The FDA has approved the combination of nivolumab and ipilimumab as a frontline treatment for intermediate- and poor-risk patients with advanced renal cell carcinoma.
Robert J. Motzer, MD
The FDA has approved the combination of nivolumab (Opdivo) and ipilimumab (Yervoy) as a frontline treatment for intermediate- and poor-risk patients with advanced renal cell carcinoma (RCC).
The approval is based on the phase III CheckMate-214 trial, in which frontline treatment with the combination of nivolumab and ipilimumab reduced the risk of death by 32% compared with sunitinib (Sutent) for patients with metastatic RCC. The risk reduction was 37% in patients with intermediate- and poor-risk RCC, who constituted about 75% of the intent-to-treat (ITT) population.
In the randomized trial, the median overall survival (OS) in the overall population was not reached with the combination versus 32.9 months with sunitinib (HR, 0.68; 99.8% CI, 0.49-0.95; P = .0003). In those patients with intermediate- and poor-risk RCC, the median OS was not reached in the nivolumab and ipilimumab arm and was 26.0 months in the sunitinib arm (HR, 0.63; 99.8% CI, 0.44-0.89; P <.0001). There was not a benefit for the combination versus sunitinib in those with favorable risk.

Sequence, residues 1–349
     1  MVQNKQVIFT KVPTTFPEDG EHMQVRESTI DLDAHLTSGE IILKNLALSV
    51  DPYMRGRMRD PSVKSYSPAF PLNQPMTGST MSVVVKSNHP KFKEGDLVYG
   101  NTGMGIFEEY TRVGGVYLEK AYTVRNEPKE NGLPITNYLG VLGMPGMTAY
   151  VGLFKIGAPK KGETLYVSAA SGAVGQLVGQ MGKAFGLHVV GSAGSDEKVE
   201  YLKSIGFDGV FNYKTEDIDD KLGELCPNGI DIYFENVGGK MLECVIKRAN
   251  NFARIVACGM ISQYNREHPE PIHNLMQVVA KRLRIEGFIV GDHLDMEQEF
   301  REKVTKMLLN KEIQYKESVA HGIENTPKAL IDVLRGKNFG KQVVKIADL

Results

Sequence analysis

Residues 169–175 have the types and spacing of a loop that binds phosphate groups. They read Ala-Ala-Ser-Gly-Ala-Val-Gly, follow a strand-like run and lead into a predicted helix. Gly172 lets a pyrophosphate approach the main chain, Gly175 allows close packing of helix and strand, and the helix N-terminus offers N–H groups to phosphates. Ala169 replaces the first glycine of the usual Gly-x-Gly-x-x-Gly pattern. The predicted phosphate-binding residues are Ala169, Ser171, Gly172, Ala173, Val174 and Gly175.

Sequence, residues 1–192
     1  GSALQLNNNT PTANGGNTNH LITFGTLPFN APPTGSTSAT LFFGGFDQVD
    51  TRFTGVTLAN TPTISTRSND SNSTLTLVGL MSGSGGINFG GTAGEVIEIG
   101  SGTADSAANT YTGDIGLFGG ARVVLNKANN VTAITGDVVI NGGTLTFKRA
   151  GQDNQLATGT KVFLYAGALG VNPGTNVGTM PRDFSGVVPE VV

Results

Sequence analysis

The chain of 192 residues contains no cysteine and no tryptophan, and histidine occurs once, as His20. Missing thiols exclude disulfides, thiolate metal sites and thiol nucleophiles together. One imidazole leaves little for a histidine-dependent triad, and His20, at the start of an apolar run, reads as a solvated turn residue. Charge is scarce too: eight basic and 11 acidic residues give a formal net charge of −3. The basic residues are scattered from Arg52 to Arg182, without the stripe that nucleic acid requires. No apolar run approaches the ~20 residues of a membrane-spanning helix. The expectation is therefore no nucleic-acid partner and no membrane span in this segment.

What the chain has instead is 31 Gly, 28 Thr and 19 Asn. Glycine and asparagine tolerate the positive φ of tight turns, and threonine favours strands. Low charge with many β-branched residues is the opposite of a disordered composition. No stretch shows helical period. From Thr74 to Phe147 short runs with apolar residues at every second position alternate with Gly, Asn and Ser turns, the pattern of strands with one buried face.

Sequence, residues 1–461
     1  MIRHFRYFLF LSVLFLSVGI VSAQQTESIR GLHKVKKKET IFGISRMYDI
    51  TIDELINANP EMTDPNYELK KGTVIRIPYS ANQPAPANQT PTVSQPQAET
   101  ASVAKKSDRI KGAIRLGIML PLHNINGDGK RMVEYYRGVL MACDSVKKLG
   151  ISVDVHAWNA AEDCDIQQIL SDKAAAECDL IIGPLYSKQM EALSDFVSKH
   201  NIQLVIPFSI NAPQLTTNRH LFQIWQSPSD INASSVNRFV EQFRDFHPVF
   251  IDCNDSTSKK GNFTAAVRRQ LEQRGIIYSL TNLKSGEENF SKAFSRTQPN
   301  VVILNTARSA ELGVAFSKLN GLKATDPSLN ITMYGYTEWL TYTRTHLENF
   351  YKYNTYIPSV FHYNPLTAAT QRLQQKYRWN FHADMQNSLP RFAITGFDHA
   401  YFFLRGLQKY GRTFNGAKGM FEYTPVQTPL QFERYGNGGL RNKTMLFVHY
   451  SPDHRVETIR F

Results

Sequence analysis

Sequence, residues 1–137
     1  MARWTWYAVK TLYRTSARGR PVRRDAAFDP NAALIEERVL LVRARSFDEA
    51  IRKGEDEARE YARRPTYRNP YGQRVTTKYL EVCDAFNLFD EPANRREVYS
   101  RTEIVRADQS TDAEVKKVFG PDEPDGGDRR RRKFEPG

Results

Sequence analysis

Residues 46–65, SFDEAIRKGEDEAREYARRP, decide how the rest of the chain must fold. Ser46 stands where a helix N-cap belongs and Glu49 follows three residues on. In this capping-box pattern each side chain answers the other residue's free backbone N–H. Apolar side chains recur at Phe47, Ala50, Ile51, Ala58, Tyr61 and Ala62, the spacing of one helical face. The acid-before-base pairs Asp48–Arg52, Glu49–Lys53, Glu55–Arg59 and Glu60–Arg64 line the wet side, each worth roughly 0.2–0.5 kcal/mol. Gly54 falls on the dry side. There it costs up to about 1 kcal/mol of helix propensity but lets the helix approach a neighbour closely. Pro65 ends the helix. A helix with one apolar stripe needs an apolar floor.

“Physicians treating advanced RCC have had few options to help achieve the goal of improved survival. Data from the CheckMate-214 trial demonstrated superior overall survival with Opdivo plus Yervoy, showing the potential for the combination to become a new standard of care for patients with intermediate- and poor-risk advanced RCC," Robert J. Motzer, MD, medical oncologist, Jack and Dorothy Byrne chair in clinical oncology, Memorial Sloan Kettering Cancer Center, said in a statement.
"What's more, the combination resulted in fewer overall grade 3 and 4 adverse reactions compared to sunitinib. Because of these encouraging results, we now have a new treatment option for newly diagnosed advanced RCC patients across PD-L1 expression levels,” added Motzer.